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With coconuts to start the Spring

This week I have invited Preti, the daughter of Meera Taneja, to share one of her mother’s fish curry dishes together with a fabulous coconut chutney. Both recipes are from Southern India.


I know that my aunt, Beryl, who was very fond of curries, (and I have great memories of the aromas coming from pans on the back of her Rayburn in her kitchen in Cornwall) would have relished this fare. Beryl includes a number of chutney recipes for serving with curries in Lets Preserve It . Sadly recipes such as the following fish dish from Meera and the coconut chutney were not to be found in our old family cookbooks.

Meera Taneja was a pioneering food writer and chef. She was instrumental in popularizing Indian cookery and cuisine in the UK from the 1980s onwards. She is the author of eight books on Indian cookery and presented several cookery programmes for UK national television.  In the 1990s Meera set up Muskaan, (smile), a small business supplying Indian and Chinese snacks to UK supermarkets. By 1999, the factory in Middlesborough employed nearly 600 staff, a majority of who were Indian women. Many had never held formal employment before.             She died in 2004, aged 57.

 Machchli ki cudhi (Fish in coconut sauce)

This recipe is from Andhara Pradesh in Southern India, and appears in Good Housekeeping’s Indian Cookery by Meera Taneja, (London: Ebury Press, 1983), p.27.

Preparation time: 40 minutes    Cooking time: 50 minutes      Serves 4

1lb firm skinless and boneless white fish such as cod or monkfish.

3 level tbsp. dessicated coconut, dissolved in 150ml warm water

2 level tsp cumin seeds

1 level tsp coriander seeds

1 green chilli, seeded

5cm/2inch piece fresh ginger, peeled

2 garlic cloves, peeled

2 level tbsp finely chopped fresh coriander leaves

4 ripe tomatoes, coarsely chopped

25g tamarind paste

450 ml/ 3|4 pint water

3 tbsp. light sesame oil

3 medium onions, skinned and coarsely chopped

3|4 level tsp. chilli powder

1 level tsp. salt

4 curry leaves

1|2 level tsp. garam masala


Wash the fish thoroughly and pat dry. Cut into 5 cm (2 inch) pieces and set aside.

Soak the desiccated coconut in 150 ml warm water.

Dry roast the cumin and coriander seeds to a pale golden colour and while still warm, in a blender, food processor or pestle and mortar, grind to a fine powder. (You can use ready-ground powders, but dry roasting and grinding your own gives a deeper flavour).

Strain the coconut from the water, and set aside.

Add the coconut water to the ground spices. Set aside.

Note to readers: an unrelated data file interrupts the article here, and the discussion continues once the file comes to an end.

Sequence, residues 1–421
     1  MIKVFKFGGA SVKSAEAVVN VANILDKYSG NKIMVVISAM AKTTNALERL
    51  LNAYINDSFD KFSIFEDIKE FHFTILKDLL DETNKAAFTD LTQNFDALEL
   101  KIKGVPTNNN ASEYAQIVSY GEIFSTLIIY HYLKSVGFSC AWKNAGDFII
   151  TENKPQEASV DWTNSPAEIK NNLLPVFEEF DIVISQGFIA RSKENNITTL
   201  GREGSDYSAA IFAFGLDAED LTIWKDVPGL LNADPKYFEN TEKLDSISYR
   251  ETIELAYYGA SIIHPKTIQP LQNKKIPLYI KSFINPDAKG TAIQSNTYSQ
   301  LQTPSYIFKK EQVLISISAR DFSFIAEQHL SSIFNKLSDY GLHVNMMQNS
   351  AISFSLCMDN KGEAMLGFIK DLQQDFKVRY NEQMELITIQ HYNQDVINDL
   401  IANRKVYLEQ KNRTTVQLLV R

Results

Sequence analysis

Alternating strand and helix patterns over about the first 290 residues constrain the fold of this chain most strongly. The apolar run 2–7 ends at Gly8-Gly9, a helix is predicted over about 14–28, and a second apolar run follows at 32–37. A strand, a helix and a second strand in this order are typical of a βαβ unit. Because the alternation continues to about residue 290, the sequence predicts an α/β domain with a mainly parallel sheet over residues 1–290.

Grind the green chilli and coriander leaves together. Set aside. Grind the ginger and garlic together into a paste.

 Place the chopped tomatoes and tamarind in a saucepan and add the water. Bring to the boil, then reduce the heat and simmer uncovered for 15 minutes or until the tomatoes are reduced to a pulp.

Meanwhile, heat the oil in a frying pan and add the onions; fry for 10 – 15 minutes to a pale golden colour. With a slotted spoon, transfer the onions to the ginger and garlic mix in the blender; grind to a fine paste.

Add the ground onion, ginger and garlic mixture to the remaining oil in the pan and fry for another few minutes.

Add the turmeric, chilli powder, salt and the ground coconut mixture. Stirring continuously, fry the mixture for 10 – 15 minutes, until it turns a rich golden colour and the oil begins to separate (add a dash of water if it begins to stick together.)

Strain the tomatoes and tamarind through a sieve. Reserve the liquid and discard the tomato skins. Pour the tamarind water into the onion mixture and add the chili and coriander paste and curry leaves. If the mixture is more a paste than a sauce, add a dash more water. Stir well and bring back to the boil. Boil rapidly for a few minutes, then reduce the heat. Simmer gently for about three minutes until the sauce begins to thicken slightly.

Add the pieces of fish and the garam masala. Stir just once, then cover and simmer for about 15 minutes until the fish is just tender.

 Serve piping hot garnished with lime wedges and fresh coriander, with rice and chutney.


Nariyal ki chutney (coconut chutney) 

(New Indian Cookery by Meera Taneja, p.110)

This South Indian chutney is made from fresh grated coconut mixed with natural or greek yoghurt, green chillis and garnished with mustard seeds and curry leaf. If fresh coconut is not available you can use desiccated coconut. Once mixed, this keeps well for up to three days in the fridge. Garnish near to serving time.

Preparation time: 10 minutes  Serves 4 – 6

 45 ml/ 3 tbsp. natural or greek yoghurt

1 green chili, finely chopped

50g/ 2 oz fresh coconut, coarsely grated

15 ml/ 1 tbsp. light sesame oil

1|2 tsp. yellow mustard seeds

2 – 3 curry leaves

1|2 tsp. salt


In a bowl, mix together the yoghurt, chilli and and the coconut.

Heat the oil in a small frying pan. Add the mustard seeds. As soon as they pop, add the curry leaves and salt then almost at once, pour the garnish over the coconut chutney. It should sizzle! Mix well and chill slightly before serving.

image Recipes contributed by Preti Taneja.

Thank you to Preti for this special dish which I found quick and simple to make and with ingredients easily available. I loved the popping mustard seeds!! A great success.



  1. This Indian recipe is amazing. This Fish Curry can be had with Idli too. Idli/Idly one of the best, healthy, nutritious breakfast for all. Idly is made fro Rice and Lentils and forms Idly batter Recipe. It is fermented and then steamed to form lovely spongy 1 to 2 Diameter round balls.

    Comment by rukmani on May 25, 2017 at 2:42 pm
  2. Thank you. I look forward to trying this out.

    Comment by Philippa Cardale on September 9, 2018 at 5:48 pm

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